Sexting is when someone shares sexual, naked or semi-naked images or videos of themselves or others, or sends sexually explicit messages.They can be sent using mobiles, tablets, smartphones, laptops - any device that allows you to share media and messages.
Sexting may also be called:
- trading nudes
- pic for pic.
Sexting is a growing concern and young people can be lured in this, thinking it is a normal part of forming a relationship with someone. If a person likes you and respects you, they will not ask you to do this. Even though a lot of young people do it as they think it is harmless, it is illegal and can be very humiliating if the images end up being shared on line with lots of people.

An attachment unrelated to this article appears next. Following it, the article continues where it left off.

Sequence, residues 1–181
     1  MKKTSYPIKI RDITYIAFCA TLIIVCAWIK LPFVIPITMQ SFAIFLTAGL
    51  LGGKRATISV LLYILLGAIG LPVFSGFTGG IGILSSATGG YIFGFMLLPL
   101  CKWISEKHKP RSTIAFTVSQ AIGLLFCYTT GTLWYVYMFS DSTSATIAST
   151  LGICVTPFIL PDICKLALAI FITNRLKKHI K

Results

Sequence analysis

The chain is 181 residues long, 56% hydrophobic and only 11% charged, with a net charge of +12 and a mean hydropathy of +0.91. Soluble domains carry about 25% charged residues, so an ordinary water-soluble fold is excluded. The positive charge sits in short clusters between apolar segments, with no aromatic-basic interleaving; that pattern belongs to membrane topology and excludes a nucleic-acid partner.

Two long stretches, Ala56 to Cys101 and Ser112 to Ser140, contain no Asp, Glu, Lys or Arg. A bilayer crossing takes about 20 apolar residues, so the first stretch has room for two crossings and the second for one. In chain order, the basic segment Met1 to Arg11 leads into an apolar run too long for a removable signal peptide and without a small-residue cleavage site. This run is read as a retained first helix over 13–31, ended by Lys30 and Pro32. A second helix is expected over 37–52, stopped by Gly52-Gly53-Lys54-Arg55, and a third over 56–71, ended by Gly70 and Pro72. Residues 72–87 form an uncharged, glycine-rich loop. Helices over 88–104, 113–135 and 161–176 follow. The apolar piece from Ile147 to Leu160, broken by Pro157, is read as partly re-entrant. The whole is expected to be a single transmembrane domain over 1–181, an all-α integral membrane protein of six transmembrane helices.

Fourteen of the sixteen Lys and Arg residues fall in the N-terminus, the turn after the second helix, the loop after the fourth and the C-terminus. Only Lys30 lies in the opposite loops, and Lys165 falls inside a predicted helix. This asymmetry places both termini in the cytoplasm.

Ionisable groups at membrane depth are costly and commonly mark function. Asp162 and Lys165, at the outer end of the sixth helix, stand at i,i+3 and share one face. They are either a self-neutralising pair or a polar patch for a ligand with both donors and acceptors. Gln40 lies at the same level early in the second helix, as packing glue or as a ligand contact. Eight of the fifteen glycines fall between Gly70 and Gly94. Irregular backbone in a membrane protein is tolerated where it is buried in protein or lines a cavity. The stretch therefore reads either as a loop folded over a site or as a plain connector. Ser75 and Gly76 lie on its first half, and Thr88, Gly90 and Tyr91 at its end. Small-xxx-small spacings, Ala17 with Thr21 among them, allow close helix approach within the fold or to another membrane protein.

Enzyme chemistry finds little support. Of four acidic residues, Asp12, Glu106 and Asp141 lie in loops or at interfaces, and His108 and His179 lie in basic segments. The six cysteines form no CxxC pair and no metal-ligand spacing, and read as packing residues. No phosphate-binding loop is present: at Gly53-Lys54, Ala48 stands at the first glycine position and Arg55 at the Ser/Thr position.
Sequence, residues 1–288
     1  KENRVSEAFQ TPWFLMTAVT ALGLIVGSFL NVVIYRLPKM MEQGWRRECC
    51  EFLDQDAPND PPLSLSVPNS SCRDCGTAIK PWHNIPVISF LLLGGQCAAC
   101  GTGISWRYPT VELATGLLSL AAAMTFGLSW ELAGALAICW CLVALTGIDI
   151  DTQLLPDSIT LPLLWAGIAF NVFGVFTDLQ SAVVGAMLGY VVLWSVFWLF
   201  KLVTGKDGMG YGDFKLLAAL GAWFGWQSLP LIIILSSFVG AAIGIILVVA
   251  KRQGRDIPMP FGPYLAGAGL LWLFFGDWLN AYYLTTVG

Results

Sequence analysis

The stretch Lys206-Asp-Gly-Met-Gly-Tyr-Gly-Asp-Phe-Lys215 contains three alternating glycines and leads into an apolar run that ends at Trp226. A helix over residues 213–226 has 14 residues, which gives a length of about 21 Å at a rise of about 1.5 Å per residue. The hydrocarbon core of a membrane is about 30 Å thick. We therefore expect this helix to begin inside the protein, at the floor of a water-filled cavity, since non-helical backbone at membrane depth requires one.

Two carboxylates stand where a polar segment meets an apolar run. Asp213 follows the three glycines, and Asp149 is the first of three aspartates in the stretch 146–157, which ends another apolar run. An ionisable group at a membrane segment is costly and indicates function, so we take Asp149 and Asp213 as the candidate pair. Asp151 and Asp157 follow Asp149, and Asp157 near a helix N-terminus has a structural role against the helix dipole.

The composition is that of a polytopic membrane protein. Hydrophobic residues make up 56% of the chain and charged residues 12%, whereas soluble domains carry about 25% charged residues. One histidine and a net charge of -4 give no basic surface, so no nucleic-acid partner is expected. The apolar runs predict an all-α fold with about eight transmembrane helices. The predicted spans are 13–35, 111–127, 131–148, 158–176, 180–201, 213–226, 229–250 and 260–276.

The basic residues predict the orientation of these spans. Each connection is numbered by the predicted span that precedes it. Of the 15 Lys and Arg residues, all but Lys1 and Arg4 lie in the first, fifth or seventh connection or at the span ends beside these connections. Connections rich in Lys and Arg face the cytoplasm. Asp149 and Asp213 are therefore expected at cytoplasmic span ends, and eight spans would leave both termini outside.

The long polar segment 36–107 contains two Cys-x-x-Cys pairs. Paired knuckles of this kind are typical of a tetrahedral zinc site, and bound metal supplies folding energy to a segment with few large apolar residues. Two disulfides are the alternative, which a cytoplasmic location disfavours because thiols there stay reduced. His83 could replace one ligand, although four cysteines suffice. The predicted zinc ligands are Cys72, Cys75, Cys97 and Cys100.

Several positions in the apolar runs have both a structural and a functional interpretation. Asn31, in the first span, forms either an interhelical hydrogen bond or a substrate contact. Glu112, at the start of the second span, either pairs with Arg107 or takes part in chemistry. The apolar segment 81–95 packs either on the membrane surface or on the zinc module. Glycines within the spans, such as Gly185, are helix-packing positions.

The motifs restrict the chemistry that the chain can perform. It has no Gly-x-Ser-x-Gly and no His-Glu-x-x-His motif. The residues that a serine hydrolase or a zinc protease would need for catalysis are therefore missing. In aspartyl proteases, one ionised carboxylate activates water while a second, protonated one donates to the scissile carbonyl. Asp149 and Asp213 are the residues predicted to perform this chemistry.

What the law says
Sexting can be seen as harmless, but creating or sharing explicit images of a child is illegal, even if the person doing it is a child. A young person is breaking the law if they:
- take an explicit photo or video of themselves or a friend
- share an explicit image or video of a child, even if it’s shared between children of the same age
- possess, download or store an explicit image or video of a child, even if the child gave their permission for it to be created.
Find out more about legislation on child abuse images.
Check out this website for more information and get help if you think images have been taken of you.